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Novel strategy for generating induced pluripotent stem cells for clinical use is safe and efficient, study finds

Date:
April 19, 2010
Source:
Mary Ann Liebert, Inc./Genetic Engineering News
Summary:
A new technique for reprogramming human adult cells could greatly improve the safety and efficiency of producing patient-specific stem cells for use in a range of therapeutic applications to repair or replace damaged or diseased tissues, according to new research.

A new technique for reprogramming human adult cells could greatly improve the safety and efficiency of producing patient-specific stem cells for use in a range of therapeutic applications to repair or replace damaged or diseased tissues, according to new research.

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A description of this innovative strategy is published in the peer-reviewed journal Cellular Reprogramming, published by Mary Ann Liebert, Inc.

Stem cells offer great promise for use in cellular therapy to regenerate specific cell populations in the body. The ability to derive stem cells from a patient's own tissue eliminates the risk that they will stimulate an immune response and be rejected after transplantation. The process for transforming adult somatic cells into a form of stem cells called induced pluripotent stem (iPS) cells, which are capable of differentiating into all three major cell types, involves reprogramming the cell's genetic contents. This is usually achieved using a virus to introduce multiple (typically four) genetic factors, called transcription factors, into the cells; these would include an oncogene, which carries the risk of cancerous transformation.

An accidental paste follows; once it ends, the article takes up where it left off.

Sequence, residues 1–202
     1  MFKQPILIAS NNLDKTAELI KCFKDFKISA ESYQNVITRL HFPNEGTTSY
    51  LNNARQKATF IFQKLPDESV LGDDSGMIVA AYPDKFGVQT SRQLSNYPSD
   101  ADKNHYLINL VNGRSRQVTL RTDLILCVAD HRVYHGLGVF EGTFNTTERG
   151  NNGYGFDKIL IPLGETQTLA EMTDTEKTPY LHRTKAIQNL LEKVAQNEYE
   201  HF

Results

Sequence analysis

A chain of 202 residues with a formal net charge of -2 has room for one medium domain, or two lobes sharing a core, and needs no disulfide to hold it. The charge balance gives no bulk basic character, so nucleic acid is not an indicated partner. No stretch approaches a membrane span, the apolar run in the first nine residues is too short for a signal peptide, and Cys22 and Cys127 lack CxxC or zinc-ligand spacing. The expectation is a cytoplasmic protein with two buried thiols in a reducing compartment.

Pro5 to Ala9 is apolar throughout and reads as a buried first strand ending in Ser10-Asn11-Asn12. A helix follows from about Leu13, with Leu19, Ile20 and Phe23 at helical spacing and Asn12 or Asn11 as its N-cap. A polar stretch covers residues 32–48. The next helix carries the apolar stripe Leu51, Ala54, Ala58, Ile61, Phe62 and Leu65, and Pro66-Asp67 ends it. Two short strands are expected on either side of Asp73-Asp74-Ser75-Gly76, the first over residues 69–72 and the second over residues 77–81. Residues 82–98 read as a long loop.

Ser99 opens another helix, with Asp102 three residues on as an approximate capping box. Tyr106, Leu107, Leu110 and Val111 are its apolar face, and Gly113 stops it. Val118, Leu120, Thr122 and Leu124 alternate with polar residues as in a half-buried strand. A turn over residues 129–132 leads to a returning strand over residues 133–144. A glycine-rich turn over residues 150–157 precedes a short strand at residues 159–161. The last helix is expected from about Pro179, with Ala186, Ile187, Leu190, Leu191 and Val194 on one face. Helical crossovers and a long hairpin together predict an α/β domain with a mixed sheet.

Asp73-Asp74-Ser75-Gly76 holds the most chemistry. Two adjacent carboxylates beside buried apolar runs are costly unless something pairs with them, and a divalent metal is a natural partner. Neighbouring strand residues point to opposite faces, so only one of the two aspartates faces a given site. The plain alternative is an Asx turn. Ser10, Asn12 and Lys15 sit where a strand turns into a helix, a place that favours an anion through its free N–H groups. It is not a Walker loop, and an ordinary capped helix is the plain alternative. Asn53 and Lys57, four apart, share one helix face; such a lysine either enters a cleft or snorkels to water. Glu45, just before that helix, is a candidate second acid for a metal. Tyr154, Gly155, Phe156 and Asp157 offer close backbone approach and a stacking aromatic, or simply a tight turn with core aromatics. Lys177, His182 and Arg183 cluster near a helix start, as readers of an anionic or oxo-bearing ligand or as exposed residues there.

This new method was applied successfully to reprogram cells from the human gut to form iPS cells, as described in the article. This novel technique required only three transcription factors and no oncogenes. The authors, Yang Li, Hongxi Zhao, Feng Lan, Andrew Lee, Liu Chen, Changsheng Lin, Yuanqing Yao, and Lingsong Li, from Peking University and the Fourth Military Medical University, Tangdu Hospital, in the People's Republic of China, and Stanford University School of Medicine, in Stanford, California, demonstrated the pluripotency of these gut-derived stem cells and their ability to form cell types of all three germ layers.

"These observations are very exciting because they demonstrate that a different cell type can be used when making iPS cells. In addition, Lingsong Li and his colleagues show that Nanog has a key role when reprogramming these cells, whereas it does not with other cell types. This difference provides us with an important new opportunity to study the mechanisms involved in reprogramming," says Professor Sir Ian Wilmut, OBE, FRS, FRSE, Editor-in-Chief of Cellular Reprogramming and director of the MRC Centre for Regenerative Medicine in Edinburgh.


Story Source:

The above story is based on materials provided by Mary Ann Liebert, Inc./Genetic Engineering News. Note: Materials may be edited for content and length.


Journal Reference:

  1. Yang Li, Hongxi Zhao, Feng Lan, Andrew Lee, Liu Chen, Changsheng Lin, Yuanqing Yao, Lingsong Li. Generation of Human-Induced Pluripotent Stem Cells from Gut Mesentery-Derived Cells by Ectopic Expression of OCT4/SOX2/NANOG. Cellular Reprogramming, 2010: 100311035654027 DOI: 10.1089/cell.2009.0103

Cite This Page:

Mary Ann Liebert, Inc./Genetic Engineering News. "Novel strategy for generating induced pluripotent stem cells for clinical use is safe and efficient, study finds." ScienceDaily. ScienceDaily, 19 April 2010. <www.sciencedaily.com/releases/2010/04/100415110039.htm>.
Mary Ann Liebert, Inc./Genetic Engineering News. (2010, April 19). Novel strategy for generating induced pluripotent stem cells for clinical use is safe and efficient, study finds. ScienceDaily. Retrieved October 31, 2014 from www.sciencedaily.com/releases/2010/04/100415110039.htm
Mary Ann Liebert, Inc./Genetic Engineering News. "Novel strategy for generating induced pluripotent stem cells for clinical use is safe and efficient, study finds." ScienceDaily. www.sciencedaily.com/releases/2010/04/100415110039.htm (accessed October 31, 2014).

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